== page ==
Where do we go with this self-centered attitude? The answer is to the cross. There we discover a Savior who loved us for what he could give to us–not for what he could get from us. What we do by faith in Jesus to help others (without thoughts of looking good or gaining glory for ourselves) is a blessing. Our lives have been transformed through Jesus life, death, and resurrection. Our motivation to thank Jesus is rooted in his love for us.

I witness it week after week. These women enter the room with questioning and skeptical attitudes. Sometimes they are resolute or reticent. Yet by the end of the session, their body language, facial expressions, and comments display hope and peace. Just as the prophet Isaiah wrote, “. . . so is my word that goes out from my mouth: It will not return to me empty, but will accomplish what I desire and achieve the purpose for which I sent it.” The word changes hearts and lives.

Why do I look forward to facilitating sessions at the jail? Psalm 71:15 expresses it best: “My mouth will tell of your righteous deeds and your saving acts all day long–though I do not know how to relate them all” (Psalm 71:15). Doing so has challenged and stretched me. My faith has blossomed and grown through this opportunity to serve other women who are facing challenges with addictions, relationships, guilt, and forgiveness. What a blessing and a privilege it is to meet with these women and share truths from the Bible. My Savior rescued me, and now I get double the joy by sharing that unfathomable love with others.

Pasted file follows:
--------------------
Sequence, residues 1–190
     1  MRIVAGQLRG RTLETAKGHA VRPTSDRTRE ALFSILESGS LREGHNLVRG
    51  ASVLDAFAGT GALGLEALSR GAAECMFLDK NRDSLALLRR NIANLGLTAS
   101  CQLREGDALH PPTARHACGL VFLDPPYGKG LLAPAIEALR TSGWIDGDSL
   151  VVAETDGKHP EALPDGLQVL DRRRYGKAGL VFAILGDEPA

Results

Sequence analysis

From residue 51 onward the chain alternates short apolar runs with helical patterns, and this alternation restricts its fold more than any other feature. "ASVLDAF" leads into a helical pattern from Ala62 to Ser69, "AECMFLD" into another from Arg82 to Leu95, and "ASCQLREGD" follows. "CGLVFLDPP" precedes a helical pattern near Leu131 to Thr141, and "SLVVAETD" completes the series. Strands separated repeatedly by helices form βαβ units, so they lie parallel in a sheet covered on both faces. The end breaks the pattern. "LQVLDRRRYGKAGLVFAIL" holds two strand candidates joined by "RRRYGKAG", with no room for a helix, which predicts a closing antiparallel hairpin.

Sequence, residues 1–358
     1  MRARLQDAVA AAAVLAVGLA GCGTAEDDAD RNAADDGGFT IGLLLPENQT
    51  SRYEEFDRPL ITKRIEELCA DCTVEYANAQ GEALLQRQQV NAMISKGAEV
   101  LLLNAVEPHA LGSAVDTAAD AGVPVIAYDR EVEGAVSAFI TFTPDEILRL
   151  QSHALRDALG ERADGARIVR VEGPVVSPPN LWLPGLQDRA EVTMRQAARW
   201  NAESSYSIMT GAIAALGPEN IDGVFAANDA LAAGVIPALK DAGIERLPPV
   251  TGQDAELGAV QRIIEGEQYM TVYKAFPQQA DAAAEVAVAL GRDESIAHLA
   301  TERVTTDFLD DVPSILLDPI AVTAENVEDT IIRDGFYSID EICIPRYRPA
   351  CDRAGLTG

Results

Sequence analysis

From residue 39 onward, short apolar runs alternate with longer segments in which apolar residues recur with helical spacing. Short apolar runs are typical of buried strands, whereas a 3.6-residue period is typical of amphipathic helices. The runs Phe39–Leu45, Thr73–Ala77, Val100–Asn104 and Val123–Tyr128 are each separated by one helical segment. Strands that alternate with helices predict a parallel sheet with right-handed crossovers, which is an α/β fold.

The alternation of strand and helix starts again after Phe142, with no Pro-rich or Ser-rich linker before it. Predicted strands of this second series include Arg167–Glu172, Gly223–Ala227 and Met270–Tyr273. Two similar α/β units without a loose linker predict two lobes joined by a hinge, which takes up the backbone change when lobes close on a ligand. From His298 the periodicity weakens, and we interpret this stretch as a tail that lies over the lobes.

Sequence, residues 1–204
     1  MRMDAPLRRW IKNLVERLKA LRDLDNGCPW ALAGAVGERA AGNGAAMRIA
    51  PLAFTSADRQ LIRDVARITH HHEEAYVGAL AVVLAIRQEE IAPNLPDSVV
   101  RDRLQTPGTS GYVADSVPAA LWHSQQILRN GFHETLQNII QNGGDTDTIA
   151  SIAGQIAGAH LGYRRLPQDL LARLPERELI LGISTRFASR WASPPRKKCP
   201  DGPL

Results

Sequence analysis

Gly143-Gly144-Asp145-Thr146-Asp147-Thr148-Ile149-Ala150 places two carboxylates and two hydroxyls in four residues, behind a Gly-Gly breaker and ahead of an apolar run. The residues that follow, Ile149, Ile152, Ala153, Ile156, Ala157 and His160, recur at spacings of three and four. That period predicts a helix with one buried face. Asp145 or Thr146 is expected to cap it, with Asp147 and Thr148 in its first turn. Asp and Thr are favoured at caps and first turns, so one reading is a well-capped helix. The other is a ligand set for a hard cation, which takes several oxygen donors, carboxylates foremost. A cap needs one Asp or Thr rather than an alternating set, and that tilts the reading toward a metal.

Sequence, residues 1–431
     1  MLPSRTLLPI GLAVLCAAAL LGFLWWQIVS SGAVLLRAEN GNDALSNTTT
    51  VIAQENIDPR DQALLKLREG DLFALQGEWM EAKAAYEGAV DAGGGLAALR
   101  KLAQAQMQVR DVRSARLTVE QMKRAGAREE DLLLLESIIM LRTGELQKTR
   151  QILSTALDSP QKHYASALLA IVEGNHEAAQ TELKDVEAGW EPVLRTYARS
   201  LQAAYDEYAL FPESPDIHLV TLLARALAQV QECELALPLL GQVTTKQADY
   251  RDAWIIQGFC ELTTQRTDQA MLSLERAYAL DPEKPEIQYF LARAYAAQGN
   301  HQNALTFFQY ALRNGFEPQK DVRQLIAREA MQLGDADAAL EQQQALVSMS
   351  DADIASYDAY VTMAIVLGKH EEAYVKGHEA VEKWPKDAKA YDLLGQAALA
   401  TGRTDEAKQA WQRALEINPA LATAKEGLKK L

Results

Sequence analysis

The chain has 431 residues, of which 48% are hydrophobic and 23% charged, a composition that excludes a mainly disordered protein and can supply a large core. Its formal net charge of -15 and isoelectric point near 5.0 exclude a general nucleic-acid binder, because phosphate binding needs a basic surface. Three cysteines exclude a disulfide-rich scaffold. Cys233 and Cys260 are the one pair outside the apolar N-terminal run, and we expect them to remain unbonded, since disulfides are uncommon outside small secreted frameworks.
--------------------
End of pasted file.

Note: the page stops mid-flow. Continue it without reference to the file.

Mary Hochmuth leads Facing Freedom at Dane County Women’s Jail, Madison, Wis., for our partner Institutional Ministries

 

 

Remember us with prayers, service, and gifts

We trust that God will move the hearts of His people to support our ministry in any way possible. Please pray that Prison Ministry would continue to share Jesus with more people impacted by incarceration. To volunteer as a pen pal or a test corrector, please contact us at pmsec@wels.net or 507-354-3130. To explore visitation or mentoring opportunities, e-mail dave.hochmuth@wels.net or call 414-256-3243.

WELS Prison Ministry now receives a small subsidy from our synod. We continue to write grant requests in hopes of receiving money for funding operational costs, printing books, and traveling to promote and train new volunteers for visitation or mentoring ministry. But most of our financial support comes from people like you. If you desire to support this work, please send your gift to:

WELS Prison Ministry
N16W23377 Stone Ridge Drive
Waukesha, WI 53188-1088

Or donate online at wels.net/sm-donation, click on “Designation” and choose: “Prison Ministry.”

Important note for Thrivent members: Anyone who is a member of Thrivent Financial can direct personal Choice Dollars to WELS Prison Ministry. If you need assistance with this designation, contact Thrivent Member Care Services at 800-847-4836. The designation for 2018 must be made by March 31, 2019.

May the Lord continue to bless you as you serve Him.

In Christ,
WELS Prison Ministry Staff Prison